Covid-19 Pension guidance

As part of The Pensions Regulator’s (TPR) package of measures to safeguard pensions through the Coronavirus pandemic, they have published Covid-19 guidance for employers.

In these uncertain times, employers may have questions about their pensions duties. The Pensions Regulator (TPR) have published guidance for employers outlining the actions they need to take and answering common questions such as:

  • Have my workplace pension duties changed?
  • Do I have to continue paying pension contributions?

TPR expects employers to continue to make the correct pensions contributions for their staff and they will continue to monitor this closely.

The guidance includes information about Government’s support for employers, questions around payroll processes and pension contributions, flexibilities around re-enrolment, what employers must do if staff ask to opt out or reduce contributions, as well as guidance for new employers.

Summary of points:

New employers
New employers should continue to assess staff and put them into a pension scheme if they are eligible. They can also use a process called postponement which postpones their duties to assess new or newly eligible staff – and therefore to make pensions contributions – for up to three months.

Maintaining contributions
We know these are challenging times in terms of cashflow and resources. TPR expects employers to continue to make the correct pensions contributions for staff and they are monitoring this closely. If an employer is concerned they will struggle to make their pension contributions, they should contact their pension provider in the first instance to check if there is flexibility to change the due date for payment of employer contributions to a future date. Or, providers may also able to help the employer plan to pay contributions over a longer period. Employers can also consider using the government support packages, which are there to help with cashflow.

What to do if staff ask to stop paying contributions
Some staff may choose to either reduce their contributions (if the scheme rules allow this) or opt out or cease active membership of the scheme, if they decide that is right for them at this time. However, employers must not encourage or induce them to choose this option. If staff choose to reduce their contributions, the scheme rules may allow the employer to reduce their employer contributions or retain them at the current rate.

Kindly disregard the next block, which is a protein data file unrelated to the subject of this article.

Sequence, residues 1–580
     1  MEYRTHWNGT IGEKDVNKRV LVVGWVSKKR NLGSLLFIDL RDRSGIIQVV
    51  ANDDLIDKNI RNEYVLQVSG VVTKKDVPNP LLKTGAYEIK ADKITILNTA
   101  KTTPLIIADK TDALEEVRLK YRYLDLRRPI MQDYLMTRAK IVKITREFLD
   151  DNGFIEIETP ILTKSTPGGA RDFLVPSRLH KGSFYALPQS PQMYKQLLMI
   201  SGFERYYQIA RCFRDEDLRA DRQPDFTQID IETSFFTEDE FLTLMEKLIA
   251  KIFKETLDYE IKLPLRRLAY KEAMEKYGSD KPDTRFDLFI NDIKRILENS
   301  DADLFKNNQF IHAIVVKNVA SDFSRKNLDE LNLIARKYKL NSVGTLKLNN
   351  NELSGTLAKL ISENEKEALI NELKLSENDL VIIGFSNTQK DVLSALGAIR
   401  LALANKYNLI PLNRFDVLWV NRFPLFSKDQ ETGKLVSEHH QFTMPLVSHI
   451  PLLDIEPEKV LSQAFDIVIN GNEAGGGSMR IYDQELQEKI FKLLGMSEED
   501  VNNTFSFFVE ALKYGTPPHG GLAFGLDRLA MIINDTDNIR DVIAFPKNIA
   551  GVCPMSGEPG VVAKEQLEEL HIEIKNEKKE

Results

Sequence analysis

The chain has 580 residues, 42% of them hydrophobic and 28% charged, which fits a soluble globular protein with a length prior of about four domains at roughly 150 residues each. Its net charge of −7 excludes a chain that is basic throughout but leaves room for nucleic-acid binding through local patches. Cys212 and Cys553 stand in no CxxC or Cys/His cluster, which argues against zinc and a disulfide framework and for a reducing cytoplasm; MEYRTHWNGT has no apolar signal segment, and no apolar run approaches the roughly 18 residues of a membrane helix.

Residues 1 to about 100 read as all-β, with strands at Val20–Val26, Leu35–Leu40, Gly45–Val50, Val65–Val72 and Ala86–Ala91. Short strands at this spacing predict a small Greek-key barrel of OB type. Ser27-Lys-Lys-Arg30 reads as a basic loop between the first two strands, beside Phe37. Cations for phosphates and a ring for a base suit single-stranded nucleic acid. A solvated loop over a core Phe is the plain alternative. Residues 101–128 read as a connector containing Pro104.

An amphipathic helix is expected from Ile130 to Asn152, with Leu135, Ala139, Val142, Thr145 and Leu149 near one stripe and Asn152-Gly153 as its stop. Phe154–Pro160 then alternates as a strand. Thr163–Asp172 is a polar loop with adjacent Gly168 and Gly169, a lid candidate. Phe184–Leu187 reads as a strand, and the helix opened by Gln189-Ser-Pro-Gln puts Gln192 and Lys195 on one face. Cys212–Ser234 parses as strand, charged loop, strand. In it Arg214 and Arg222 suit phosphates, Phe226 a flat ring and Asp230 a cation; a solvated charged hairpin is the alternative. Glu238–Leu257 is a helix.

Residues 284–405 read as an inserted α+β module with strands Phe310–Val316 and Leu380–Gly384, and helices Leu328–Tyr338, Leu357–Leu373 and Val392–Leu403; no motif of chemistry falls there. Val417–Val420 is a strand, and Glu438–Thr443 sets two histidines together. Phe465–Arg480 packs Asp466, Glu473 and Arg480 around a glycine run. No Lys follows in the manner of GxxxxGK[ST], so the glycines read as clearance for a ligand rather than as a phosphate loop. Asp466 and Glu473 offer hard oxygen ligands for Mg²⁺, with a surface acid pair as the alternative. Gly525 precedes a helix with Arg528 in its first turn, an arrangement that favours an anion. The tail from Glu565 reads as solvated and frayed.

Any member of staff who reduces their contribution below the statutory minimum, opts out, or ceases active membership, must be put back into the pension scheme at the next re-enrolment date so that they have the opportunity to re-start saving. Staff can also ask to opt back in to pension saving before that date, if they wish.

Many smaller employers are approaching or carrying out their first re-enrolment of staff. TPR will continue to write to employers with information and support on how to carry out their re-enrolment duties and re-declaration of compliance.

Employers cannot use postponement at re-enrolment. However, if they are struggling to complete their re-enrolment duties on the third anniversary of their staging date or duties start date due to the coronavirus pandemic, they can assess staff at a later date up to three months after the third anniversary of their staging date or duties start date.

Automatic enrolment (AE) duties for furloughed staff
As with all other staff, AE duties for furloughed staff apply as normal, and employers will assess them based on the amount of money they are paid. This means that if an employer has agreed to reduce their pay, they will be assessing them based on the reduced amount.

If a member of staff meets the criteria to be put into a pension scheme, they must be enrolled whether they are furloughed or not. Or, employers can also use postponement which postpones putting newly eligible staff into a pension scheme for up to three months. If a postponement period ends during the furlough period, and the member of staff meets the criteria to be put into a pension scheme, the employer cannot use postponement again and must put them in.

If a worker turns 22 during the furlough period and their earnings mean that the criteria to be automatically enrolled are met, the employer can put them into their pension scheme or delay putting them into the pension scheme for up to three months by using postponement.

The effect of reducing the furloughed member of staff’s pay may mean that they will never meet the criteria to be put into a pension scheme during the furlough period. When their pay increases after the furlough has ended, the employer must continue to assess them and enrol them if they are eligible.

More information
More information, including technical guidance for employers and their advisers can be found on TPR’s COVID-19 pages.

TPR are continually reviewing and updating their guidance to respond to developments as they unfold and employers should check this guidance regularly. We want to ensure employers have the support and up to date information they need as they navigate the challenges ahead.